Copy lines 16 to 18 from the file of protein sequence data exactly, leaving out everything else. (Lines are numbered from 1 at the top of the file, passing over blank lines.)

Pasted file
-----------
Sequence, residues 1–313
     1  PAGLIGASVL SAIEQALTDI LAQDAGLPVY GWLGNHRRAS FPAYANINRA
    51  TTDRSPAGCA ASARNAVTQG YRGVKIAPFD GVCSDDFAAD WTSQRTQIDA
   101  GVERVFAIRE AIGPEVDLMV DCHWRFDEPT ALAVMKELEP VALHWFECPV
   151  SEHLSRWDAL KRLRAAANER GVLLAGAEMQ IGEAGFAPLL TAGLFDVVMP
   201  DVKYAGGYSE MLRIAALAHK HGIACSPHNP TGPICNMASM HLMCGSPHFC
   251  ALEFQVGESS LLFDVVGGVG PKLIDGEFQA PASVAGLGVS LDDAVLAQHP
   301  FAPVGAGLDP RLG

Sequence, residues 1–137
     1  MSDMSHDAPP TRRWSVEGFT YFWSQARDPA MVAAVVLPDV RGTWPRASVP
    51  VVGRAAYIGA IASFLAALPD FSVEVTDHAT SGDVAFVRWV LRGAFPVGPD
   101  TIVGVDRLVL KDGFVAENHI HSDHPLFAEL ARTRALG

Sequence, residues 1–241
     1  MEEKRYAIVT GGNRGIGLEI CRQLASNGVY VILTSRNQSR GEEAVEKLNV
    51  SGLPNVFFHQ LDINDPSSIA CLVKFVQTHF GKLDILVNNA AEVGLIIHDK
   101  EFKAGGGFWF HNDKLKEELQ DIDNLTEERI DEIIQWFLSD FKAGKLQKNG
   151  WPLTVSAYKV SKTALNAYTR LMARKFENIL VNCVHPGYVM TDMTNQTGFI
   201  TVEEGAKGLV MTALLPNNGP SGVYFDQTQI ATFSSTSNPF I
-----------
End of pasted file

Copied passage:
   101  EFKAGGGFWF HNDKLKEELQ DIDNLTEERI DEIIQWFLSD FKAGKLQKNG
   151  WPLTVSAYKV SKTALNAYTR LMARKFENIL VNCVHPGYVM TDMTNQTGFI
   201  TVEEGAKGLV MTALLPNNGP SGVYFDQTQI ATFSSTSNPF I